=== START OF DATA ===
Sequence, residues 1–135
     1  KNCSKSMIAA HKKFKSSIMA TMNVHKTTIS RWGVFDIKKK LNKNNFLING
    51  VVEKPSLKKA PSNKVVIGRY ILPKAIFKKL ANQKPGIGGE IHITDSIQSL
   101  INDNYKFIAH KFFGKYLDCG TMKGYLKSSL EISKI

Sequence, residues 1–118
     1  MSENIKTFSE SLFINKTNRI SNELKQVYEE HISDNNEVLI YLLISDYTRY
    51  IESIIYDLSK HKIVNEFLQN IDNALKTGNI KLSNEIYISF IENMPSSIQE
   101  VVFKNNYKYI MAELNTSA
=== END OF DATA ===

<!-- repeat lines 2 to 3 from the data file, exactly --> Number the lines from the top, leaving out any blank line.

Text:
     1  KNCSKSMIAA HKKFKSSIMA TMNVHKTTIS RWGVFDIKKK LNKNNFLING
    51  VVEKPSLKKA PSNKVVIGRY ILPKAIFKKL ANQKPGIGGE IHITDSIQSL